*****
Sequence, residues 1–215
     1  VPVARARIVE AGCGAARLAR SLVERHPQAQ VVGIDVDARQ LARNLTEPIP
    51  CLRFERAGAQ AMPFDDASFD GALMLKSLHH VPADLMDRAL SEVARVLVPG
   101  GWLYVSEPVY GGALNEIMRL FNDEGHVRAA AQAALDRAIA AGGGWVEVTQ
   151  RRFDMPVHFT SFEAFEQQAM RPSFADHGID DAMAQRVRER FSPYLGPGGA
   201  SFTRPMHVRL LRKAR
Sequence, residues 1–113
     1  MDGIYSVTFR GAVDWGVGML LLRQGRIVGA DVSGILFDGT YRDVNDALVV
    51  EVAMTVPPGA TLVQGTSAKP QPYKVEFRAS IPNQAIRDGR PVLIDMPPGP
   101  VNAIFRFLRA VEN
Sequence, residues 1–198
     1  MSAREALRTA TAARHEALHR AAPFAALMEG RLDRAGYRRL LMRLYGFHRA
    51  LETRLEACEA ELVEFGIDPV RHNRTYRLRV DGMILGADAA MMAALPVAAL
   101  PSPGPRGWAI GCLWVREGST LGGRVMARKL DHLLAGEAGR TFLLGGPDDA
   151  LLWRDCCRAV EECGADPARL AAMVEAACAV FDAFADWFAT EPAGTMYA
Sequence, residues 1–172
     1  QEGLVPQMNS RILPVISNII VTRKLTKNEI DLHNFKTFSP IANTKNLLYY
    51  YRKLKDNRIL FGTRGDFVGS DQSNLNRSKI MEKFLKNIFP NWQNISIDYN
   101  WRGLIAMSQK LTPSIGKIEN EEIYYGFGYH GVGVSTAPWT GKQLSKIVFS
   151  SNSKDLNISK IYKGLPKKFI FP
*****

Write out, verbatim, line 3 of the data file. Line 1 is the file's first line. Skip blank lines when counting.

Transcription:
    51  CLRFERAGAQ AMPFDDASFD GALMLKSLHH VPADLMDRAL SEVARVLVPG